Recovering from Creative burnout

When your partner won’t say how they feel “A mismatch in emotional expression is commonly described in therapy. But the answer is not to press your quieter partner into being the same as you.”

“It can be hugely frustrating to be with a “silent” partner when you like to talk.”

Getting through procrastination “Remember: if you’re engaging in something that is not your High Impact Action, then you are likely procrastinating.” Also remember: “never, EVER, skip twice”

Resisting the attention economy

On marriage – “This is what marriage does better than anything else. It forces you to look hard at what you want to be and acknowledge that someone else, someone you love, cannot give it to you. Even after spending 25 years with that person, the only way to get there is to change yourself.”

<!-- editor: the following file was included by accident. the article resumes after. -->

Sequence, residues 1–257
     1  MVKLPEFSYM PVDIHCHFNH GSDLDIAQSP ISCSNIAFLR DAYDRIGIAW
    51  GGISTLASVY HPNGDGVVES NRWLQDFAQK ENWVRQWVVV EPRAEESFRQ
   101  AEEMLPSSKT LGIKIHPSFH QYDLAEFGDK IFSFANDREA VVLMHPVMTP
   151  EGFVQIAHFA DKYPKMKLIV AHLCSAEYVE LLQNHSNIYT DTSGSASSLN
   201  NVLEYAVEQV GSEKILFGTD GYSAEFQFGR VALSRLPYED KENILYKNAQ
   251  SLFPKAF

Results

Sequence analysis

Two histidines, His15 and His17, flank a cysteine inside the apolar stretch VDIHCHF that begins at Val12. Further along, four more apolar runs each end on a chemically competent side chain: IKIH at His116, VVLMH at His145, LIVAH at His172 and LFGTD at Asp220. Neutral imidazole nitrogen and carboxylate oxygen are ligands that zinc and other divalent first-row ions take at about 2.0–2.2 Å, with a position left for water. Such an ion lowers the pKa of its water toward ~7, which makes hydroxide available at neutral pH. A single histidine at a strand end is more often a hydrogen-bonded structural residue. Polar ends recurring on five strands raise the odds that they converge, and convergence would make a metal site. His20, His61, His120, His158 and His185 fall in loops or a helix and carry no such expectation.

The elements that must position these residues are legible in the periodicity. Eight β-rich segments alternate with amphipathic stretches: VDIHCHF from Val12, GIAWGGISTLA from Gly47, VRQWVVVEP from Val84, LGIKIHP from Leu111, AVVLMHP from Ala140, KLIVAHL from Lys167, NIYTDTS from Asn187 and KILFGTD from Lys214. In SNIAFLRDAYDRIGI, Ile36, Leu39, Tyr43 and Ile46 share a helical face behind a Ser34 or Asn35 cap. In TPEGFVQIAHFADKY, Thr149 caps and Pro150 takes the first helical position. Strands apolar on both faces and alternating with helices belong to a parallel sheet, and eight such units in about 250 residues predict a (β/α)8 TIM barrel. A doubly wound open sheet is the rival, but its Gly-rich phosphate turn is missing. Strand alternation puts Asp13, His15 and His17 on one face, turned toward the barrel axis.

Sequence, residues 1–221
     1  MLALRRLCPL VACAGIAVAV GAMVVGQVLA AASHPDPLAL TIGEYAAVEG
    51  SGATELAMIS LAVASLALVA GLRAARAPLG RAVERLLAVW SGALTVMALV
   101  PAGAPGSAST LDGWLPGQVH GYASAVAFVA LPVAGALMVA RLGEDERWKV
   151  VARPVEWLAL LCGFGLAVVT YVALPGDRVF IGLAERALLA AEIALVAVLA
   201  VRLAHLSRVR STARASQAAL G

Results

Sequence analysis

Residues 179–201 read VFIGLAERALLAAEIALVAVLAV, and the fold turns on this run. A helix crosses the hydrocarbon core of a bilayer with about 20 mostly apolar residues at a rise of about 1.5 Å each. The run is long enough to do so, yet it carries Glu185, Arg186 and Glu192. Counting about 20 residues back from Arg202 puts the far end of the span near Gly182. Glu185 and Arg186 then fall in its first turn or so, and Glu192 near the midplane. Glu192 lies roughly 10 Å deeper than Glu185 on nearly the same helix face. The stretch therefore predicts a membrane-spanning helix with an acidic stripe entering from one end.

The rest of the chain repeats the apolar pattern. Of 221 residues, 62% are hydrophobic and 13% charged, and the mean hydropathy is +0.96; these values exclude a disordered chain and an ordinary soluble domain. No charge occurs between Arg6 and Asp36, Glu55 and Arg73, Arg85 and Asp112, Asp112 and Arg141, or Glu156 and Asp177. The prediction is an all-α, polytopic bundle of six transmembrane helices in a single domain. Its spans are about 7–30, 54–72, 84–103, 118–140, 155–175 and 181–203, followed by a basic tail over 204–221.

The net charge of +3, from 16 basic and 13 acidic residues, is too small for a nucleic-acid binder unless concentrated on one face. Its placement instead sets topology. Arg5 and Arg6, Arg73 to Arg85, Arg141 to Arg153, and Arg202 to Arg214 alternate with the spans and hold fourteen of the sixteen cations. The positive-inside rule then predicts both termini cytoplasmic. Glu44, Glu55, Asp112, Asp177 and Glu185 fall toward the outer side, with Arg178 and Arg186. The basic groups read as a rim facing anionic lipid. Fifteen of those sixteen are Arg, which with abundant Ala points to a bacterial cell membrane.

On marriage health – Spotting cracks before they become canyons

Reversing the scarcity mindset – “scientists have found that loneliness can induce a scarcity mindset. Being narrowly focused on what we don’t have erodes our capacity to make choices that serve us long-term”


What I’ve been up to:

Oooph, it’s been busy! We had a party where we (finally!!) made paella over an open, orange wood fire and it looked, smelled and tasted amazing. More importantly, no one caught on fire and even more importantly, many of our friends came to see us off on our next adventure moving home to Vancouver.